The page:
Half a croissant, on a plate, with a sign in front of it saying '50c'
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Teach frogs to read Chinese

(or any of a number of other animals)
(+4, -4)
  [vote for,

This may not work for frogs, but for some other vertebrates, such as pigeons, it may do.

Take a frog. Put before it two doors, one with the Chinese characters for "sexual intercourse" clearly written on it, the other blank. If the frog swims through the labelled door, he will find a frog of the opposite sex. Keep doing this, randomising the positions of the doors. While doing this, follow a similar procedure with the Chinese characters for "food" and place a fly behind it. After a while, the frog will be able to read the Chinese for "food" and "sexual intercourse".

If it doesn't work for frogs, it will work for some other vertebrate normally considered to be of inferior intelligence. It needn't be Chinese: Egyptian hieroglyphics would work just as well.

nineteenthly, Nov 24 2007

Snail_20Koans just feed these snails to your frogs [xenzag, Nov 24 2007]

John Searle's Chinese Room http://www.iep.utm.edu/c/chineser.htm
I really dislike this thought experiment and its ensuing discussion. [jutta, Nov 25 2007]


       Pavlov's frogs?
xandram, Nov 24 2007

       I imagine this idea continuing on with another paragraph beginning with "And then..." which would tell what use this would be. I can't imagine what might be in it.   

       Good enough. Bun.
lurch, Nov 25 2007

       Just don't teach it "Death" too soon.
Ling, Nov 25 2007

       I agree with you, [jutta], on the Chinese Room experiment. It's specious, and misses key points.   

       My grounds is that, though Searle thinks he has countered the dualism charge, I disagree. I think his "thought is consciousness" approach remains highly dualistic. He asserts that it is "commonsensical" - that it is somehow merely "interactionist" to assert that thought is "both caused by and realized in underlying brain processes" and thereby avoid dualism.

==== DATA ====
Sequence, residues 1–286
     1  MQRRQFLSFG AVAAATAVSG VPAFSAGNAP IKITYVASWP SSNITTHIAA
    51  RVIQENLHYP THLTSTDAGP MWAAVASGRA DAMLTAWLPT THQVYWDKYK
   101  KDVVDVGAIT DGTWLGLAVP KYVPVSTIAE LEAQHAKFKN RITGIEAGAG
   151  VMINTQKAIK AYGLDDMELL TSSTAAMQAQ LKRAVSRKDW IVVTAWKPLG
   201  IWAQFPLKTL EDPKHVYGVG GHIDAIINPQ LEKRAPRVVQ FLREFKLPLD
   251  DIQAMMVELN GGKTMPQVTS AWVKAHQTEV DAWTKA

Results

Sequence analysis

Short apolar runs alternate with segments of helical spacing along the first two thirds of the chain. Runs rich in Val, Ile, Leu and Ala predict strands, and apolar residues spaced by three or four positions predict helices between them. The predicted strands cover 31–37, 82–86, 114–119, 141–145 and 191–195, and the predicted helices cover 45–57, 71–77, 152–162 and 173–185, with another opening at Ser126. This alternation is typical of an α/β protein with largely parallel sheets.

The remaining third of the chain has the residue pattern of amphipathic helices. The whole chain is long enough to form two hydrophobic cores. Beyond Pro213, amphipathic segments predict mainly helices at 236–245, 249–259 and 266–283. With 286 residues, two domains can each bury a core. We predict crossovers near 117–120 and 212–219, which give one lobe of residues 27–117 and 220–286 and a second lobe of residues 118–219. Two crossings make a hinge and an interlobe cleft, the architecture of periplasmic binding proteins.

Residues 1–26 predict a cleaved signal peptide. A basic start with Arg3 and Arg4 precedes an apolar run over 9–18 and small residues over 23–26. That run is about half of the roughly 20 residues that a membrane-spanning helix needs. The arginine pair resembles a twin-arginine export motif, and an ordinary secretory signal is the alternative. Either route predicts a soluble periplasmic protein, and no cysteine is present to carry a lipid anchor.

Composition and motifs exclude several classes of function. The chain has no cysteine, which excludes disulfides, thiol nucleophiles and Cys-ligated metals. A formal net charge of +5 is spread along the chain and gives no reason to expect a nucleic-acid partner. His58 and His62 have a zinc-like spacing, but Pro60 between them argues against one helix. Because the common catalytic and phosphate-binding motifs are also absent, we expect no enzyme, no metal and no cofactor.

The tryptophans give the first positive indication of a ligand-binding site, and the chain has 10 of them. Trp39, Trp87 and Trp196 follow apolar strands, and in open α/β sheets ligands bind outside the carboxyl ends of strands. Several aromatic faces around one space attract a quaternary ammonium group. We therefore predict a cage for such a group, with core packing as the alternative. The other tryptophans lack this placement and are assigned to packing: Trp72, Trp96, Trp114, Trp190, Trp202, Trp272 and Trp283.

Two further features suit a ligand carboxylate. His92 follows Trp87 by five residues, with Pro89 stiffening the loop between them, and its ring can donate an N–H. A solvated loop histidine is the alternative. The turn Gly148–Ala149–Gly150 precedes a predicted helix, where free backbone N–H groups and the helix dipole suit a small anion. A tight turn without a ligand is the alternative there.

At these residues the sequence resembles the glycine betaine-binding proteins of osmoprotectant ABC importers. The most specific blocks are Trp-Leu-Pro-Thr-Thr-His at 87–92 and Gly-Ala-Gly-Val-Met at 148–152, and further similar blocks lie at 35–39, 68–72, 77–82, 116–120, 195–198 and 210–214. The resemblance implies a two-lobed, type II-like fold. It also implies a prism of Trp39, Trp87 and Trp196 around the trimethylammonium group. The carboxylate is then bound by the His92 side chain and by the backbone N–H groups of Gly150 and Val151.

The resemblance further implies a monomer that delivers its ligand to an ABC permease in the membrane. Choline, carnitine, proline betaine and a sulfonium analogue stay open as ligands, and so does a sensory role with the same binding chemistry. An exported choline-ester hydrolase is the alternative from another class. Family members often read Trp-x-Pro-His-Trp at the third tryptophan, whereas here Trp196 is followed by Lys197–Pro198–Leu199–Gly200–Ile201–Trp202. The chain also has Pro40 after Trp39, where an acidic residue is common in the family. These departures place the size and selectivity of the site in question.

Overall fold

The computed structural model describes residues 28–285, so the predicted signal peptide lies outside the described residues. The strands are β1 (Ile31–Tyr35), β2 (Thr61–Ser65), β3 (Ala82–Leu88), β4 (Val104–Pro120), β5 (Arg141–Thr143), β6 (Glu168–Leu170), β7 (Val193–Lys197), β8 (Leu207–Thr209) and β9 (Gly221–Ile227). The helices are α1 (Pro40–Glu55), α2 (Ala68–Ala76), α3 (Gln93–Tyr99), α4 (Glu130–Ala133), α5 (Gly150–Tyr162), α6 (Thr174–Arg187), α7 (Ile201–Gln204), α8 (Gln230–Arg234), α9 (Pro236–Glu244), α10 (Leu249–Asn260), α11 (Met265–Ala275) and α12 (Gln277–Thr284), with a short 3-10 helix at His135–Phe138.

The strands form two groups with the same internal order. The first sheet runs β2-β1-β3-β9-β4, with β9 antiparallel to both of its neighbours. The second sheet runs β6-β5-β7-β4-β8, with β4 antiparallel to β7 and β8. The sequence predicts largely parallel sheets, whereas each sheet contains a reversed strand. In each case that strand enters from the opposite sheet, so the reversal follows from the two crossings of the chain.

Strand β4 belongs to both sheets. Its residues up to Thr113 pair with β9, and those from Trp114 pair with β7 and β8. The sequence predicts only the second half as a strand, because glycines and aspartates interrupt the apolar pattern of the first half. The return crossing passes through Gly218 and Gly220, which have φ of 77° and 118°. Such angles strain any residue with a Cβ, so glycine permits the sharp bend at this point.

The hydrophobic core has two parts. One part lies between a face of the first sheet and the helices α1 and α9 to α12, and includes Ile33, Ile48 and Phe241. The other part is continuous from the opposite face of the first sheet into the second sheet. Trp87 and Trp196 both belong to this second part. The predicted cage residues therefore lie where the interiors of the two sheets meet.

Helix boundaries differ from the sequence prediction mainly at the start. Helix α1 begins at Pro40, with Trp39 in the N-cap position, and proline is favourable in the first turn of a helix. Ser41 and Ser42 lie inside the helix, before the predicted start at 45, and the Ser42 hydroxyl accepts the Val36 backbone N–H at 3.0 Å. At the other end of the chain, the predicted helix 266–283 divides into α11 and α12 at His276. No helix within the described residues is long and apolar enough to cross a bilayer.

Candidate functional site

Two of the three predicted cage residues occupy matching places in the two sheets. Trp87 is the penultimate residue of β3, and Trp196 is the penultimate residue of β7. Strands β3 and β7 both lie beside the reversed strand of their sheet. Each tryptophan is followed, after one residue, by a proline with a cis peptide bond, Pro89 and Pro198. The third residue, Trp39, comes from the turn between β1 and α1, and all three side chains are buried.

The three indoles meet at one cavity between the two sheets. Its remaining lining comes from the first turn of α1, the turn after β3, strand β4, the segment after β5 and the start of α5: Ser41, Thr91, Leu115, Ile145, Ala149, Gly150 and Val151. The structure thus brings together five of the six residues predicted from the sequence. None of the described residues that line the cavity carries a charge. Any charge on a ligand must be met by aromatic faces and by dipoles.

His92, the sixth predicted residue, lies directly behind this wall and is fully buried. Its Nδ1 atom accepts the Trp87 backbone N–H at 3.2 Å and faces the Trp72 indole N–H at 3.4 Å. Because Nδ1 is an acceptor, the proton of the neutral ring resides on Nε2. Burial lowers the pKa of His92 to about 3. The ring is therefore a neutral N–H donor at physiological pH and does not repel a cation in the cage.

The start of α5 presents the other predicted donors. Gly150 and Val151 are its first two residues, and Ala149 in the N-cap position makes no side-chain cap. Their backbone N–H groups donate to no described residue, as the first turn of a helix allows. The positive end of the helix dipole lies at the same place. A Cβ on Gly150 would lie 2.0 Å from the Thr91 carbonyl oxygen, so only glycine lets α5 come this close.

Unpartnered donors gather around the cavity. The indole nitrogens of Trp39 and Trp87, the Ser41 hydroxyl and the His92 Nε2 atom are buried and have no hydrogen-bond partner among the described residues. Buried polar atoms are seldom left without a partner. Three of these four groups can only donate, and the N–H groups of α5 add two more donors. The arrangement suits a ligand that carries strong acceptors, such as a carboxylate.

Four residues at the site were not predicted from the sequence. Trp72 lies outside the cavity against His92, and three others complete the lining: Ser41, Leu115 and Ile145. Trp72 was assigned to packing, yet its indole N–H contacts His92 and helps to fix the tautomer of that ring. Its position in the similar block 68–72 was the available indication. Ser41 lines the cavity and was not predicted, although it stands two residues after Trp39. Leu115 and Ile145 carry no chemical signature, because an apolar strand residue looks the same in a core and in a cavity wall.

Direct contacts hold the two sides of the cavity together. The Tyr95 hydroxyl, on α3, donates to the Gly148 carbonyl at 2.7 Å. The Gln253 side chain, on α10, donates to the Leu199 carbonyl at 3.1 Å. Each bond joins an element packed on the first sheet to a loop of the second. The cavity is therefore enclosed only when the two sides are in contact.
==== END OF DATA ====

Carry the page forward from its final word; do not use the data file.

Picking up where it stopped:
But I think I have a counter argument to that, and it goes back to the water pipes metaphor, which he uses to demonstrate the so-called "difference" that he claims exists between the room and my head. Simply put, given complex enough plumbing, the Searle-in-the-room could indeed conceivably create thought by turning on the right sequence of pipes, and it is simply dualist to assert that this is commonsensically not possible.
globaltourniquet, Nov 25 2007

       "Hey, Fred, what does it say on that door?"
"It says 'pregnant whore frog' in Chinese"
marklar, Nov 25 2007

       Ah, home territory.   

       I don't like the Chinese room experiment either. It's an argument against functionalism. I see consciousness as an emergent property of matter, like ferromagnetism. The problem with this is that there seems to be a weird coincidence between agglomerations of matter which are functionally equivalent to conscious beings and the actual property of consciousness.   

       What would you think about a committee which was organised to simulate Chinese conversation? Would the entire committee exhibit a single consciousness? What about a committee of trained frogs?
nineteenthly, Nov 25 2007

       If an army of said animals became disorientated whilst engaged in confusing military combat, would this situation be correctly described as: "lost in the froggery of war"?
xenzag, Nov 25 2007

       A million laughing Chinese frogs.
nineteenthly, Nov 25 2007

       I think consciousness is merely a matter of degree of complexity. It may seem shocking, but there is no intrinsic reason to believe that so-called "artificial" systems could never possibly become "conscious" the way our brain systems are, given (if ever possible) the level of complexity of same.
globaltourniquet, Nov 25 2007

       What happens of all the frogs in China jump at the same time? the great leap forward? what's chinese for food? Chow, or Ribbet?
giligamesh, Nov 25 2007

       Nobody likes the Chinese Room experiment, but it's unusual not to "like" an experiment - gedanken or not.   

       Surely part of the problem is that functionality is the only handle we have on consciousness. As soon as you start to question the Turing test, there really is no alternative and no likelihood of progress. But that's not necessarily a good reason to not like the experiment.
MaxwellBuchanan, Nov 25 2007